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Wellness and Employee Burnout: How to Spot and Counteract It in Your Workplace - On-Demand

Wellness and Employee Burnout: How to Spot and Counteract It in Your Workplace - On-Demand

Product Code: YEWB121719A

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Wellness and Employee Burnout: How to Spot and Counteract It in Your Workplace - On-Demand

Webinar now available On-Demand.


WEBINAR SNAPSHOT: You’ll learn how to recognize, analyze, and properly address employee burnout.


The World Health Organization (WHO) has expanded the definition of the term “burnout,” and now classifies it as an “occupational condition.” The new definition explains that burnout results from chronic workplace stress. While burnout is not classified as a medical condition, there are other diagnosable conditions that can accompany burnout—stress, anxiety, and depression. Burnout, and what can follow, can present problems for employers and workplaces, not only in negative feelings toward the workplace, but with possible Americans with Disabilities Act (ADA) accommodation requirements.

While burnout can be caused by a number of factors—feelings of being overworked, underappreciated, or without a chance for advancement—HR needs to recognize and address it before it snowballs into even bigger problems for both employee and employer. When you spot potential burnout, it is crucial to work with the employee and their manager to adjust the work situation. Sometimes the manager is part of the problem, and they may require coaching or training to alleviate some bad habits or a negative approach.

Clearly, it is a better approach for employers to be proactive when it comes to burnout rather than just labeling an unhappy employee as a “problem.”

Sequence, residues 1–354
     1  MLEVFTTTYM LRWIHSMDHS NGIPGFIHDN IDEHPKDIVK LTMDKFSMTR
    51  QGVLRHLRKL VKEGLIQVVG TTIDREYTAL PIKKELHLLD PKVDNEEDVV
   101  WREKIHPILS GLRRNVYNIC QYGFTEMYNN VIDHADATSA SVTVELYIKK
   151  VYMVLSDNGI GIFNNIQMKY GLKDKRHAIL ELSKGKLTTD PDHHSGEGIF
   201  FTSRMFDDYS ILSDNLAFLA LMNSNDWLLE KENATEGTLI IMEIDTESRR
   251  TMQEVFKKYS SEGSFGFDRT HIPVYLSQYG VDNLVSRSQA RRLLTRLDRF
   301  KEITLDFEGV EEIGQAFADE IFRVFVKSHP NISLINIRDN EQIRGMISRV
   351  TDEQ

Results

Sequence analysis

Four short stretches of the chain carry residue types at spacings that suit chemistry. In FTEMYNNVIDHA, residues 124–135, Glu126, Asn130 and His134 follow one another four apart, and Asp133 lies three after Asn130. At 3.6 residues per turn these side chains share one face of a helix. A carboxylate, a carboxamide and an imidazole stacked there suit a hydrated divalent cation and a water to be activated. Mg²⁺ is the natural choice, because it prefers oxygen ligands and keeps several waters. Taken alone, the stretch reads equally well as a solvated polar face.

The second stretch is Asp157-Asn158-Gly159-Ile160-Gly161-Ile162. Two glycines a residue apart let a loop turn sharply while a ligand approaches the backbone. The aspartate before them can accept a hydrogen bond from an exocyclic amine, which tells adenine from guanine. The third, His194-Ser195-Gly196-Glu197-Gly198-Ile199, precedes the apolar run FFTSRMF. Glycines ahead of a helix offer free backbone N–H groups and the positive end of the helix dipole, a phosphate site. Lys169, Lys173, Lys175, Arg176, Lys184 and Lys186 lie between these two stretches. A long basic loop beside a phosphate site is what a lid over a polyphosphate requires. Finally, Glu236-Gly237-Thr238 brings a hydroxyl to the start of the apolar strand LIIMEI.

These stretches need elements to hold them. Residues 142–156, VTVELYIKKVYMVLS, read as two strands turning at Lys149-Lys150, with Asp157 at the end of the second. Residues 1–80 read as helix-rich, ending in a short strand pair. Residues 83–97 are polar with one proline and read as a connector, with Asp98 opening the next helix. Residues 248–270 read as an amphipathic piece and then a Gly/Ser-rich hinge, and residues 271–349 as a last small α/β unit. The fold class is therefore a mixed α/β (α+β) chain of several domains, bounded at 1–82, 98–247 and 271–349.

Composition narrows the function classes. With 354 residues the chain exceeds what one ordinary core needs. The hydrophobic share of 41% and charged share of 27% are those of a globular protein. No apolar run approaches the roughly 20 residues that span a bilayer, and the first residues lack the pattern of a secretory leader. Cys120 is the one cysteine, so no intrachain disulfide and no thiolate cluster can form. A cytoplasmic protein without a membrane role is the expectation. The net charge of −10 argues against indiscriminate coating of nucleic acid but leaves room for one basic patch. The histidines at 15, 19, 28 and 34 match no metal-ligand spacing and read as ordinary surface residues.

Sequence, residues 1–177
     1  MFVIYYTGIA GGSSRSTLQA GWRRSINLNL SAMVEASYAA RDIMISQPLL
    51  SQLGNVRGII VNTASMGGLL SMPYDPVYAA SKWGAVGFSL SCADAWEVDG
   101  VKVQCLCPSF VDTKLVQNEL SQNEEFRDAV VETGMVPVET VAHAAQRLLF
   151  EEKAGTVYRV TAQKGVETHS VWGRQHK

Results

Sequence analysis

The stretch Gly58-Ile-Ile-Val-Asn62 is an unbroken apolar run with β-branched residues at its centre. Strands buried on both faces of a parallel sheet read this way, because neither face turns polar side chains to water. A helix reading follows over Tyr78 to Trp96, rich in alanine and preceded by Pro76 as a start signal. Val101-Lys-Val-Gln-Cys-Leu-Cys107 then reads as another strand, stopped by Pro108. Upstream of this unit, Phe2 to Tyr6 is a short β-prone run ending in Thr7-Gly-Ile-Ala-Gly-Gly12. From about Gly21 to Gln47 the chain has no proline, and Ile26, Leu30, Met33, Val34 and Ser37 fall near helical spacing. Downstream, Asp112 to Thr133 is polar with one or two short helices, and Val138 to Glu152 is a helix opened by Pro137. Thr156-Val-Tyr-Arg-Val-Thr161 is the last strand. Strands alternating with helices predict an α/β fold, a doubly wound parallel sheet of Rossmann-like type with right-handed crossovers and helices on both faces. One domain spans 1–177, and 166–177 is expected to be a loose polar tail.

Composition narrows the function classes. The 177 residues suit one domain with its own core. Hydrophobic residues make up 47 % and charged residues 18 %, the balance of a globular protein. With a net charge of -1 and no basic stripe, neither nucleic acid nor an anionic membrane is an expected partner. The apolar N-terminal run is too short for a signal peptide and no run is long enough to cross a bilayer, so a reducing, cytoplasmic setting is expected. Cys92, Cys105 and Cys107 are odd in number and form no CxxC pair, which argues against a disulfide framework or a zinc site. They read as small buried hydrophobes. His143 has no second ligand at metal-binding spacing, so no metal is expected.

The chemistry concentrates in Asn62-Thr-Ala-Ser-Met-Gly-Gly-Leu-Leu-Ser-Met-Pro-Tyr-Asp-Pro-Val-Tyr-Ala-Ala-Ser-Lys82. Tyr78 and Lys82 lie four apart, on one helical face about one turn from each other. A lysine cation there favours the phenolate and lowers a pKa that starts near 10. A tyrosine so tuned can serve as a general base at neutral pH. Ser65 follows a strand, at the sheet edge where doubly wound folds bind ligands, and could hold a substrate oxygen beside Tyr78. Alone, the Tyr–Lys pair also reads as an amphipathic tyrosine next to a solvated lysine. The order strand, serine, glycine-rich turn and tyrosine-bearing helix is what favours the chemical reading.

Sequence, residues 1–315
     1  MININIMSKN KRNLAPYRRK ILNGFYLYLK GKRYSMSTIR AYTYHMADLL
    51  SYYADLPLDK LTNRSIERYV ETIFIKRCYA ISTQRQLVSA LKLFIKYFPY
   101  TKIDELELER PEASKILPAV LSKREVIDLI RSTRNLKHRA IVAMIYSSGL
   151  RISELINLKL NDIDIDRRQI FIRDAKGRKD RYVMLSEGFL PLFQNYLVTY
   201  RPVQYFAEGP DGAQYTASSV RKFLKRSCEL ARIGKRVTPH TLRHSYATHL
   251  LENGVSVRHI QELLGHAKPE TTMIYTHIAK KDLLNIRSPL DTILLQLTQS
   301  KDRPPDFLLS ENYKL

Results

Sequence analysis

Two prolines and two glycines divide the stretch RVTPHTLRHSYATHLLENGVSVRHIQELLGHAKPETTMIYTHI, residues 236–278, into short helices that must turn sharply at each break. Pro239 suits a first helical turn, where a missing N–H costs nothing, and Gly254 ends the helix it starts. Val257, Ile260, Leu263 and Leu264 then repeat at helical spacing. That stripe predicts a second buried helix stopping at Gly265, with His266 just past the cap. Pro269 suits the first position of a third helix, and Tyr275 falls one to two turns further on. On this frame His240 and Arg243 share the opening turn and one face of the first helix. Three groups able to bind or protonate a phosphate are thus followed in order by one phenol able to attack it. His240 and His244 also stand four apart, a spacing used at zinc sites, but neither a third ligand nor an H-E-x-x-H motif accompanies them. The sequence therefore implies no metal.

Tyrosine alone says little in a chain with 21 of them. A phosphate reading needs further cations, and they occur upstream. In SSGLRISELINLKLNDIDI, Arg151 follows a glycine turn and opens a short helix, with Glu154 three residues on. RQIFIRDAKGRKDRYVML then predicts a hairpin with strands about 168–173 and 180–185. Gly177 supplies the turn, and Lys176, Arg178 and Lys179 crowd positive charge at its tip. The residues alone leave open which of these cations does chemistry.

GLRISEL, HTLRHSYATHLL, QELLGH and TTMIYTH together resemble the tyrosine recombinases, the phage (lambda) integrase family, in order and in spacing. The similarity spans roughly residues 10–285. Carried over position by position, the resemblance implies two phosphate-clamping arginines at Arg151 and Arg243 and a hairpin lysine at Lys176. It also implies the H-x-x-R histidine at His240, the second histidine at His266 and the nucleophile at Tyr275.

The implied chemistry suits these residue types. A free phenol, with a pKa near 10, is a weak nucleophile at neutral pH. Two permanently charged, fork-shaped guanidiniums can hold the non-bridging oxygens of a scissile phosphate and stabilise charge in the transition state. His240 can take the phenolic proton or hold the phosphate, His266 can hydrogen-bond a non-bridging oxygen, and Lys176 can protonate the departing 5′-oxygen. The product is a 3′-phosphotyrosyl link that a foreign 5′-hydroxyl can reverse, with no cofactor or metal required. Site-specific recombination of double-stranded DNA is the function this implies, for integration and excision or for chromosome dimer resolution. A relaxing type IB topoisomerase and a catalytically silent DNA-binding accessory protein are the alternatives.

Use this on-demand webinar to learn about the practical impact burnout as an occupational condition could have on your workplace, Labor and employment attorney Mark Schickman will explain legal risks associated with burnout and discuss methods for approaching prevention and alleviating it when it does happen.

After attending this webinar, you’ll be able to: 

  • Spot employee burnout and check in with employees using surveys and other methods
  • Aim for consistency and a work culture that is accepting, as well as equitable compensation
  • Assess managers for their management style—are they too demanding, inflexible?
  • Avoid discrimination lawsuits by training management and creating understanding of the condition of burnout
  • Devise ways to address burnout before it escalates into a medical condition such as depression
  • Increase employee productivity and engagement by addressing burnout early
  • And much more!

About Your Presenter

Mark SchickmanMark Schickman
Of Counsel
Freeland, Cooper and Foreman LLP

Mark Schickman is Of Counsel at Freeland, Cooper and Foreman LLP, and has been practicing employment and labor law for 40 years. He has successfully litigated almost every type of employment case in the courts, before juries and administrative agencies and on appeal. He provides employment advice to employers across the country. He is also an experienced and effective litigator, doing civil commercial trial work before judges and juries. He speaks and writes on litigation and employment law nationally and has been quoted in legal and general circulation publications across the country. Schickman is a member of the American Arbitration Association's select panel of employment law arbitrators and is the Editor of the California Employment Law Letter.